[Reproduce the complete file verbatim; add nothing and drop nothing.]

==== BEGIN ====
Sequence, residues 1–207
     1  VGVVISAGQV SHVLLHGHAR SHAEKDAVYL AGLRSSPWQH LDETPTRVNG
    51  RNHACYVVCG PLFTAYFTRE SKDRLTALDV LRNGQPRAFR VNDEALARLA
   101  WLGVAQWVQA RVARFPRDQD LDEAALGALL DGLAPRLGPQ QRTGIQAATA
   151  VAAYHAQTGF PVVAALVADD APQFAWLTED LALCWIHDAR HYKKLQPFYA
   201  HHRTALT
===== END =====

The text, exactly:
Sequence, residues 1–207
     1  VGVVISAGQV SHVLLHGHAR SHAEKDAVYL AGLRSSPWQH LDETPTRVNG
    51  RNHACYVVCG PLFTAYFTRE SKDRLTALDV LRNGQPRAFR VNDEALARLA
   101  WLGVAQWVQA RVARFPRDQD LDEAALGALL DGLAPRLGPQ QRTGIQAATA
   151  VAAYHAQTGF PVVAALVADD APQFAWLTED LALCWIHDAR HYKKLQPFYA
   201  HHRTALT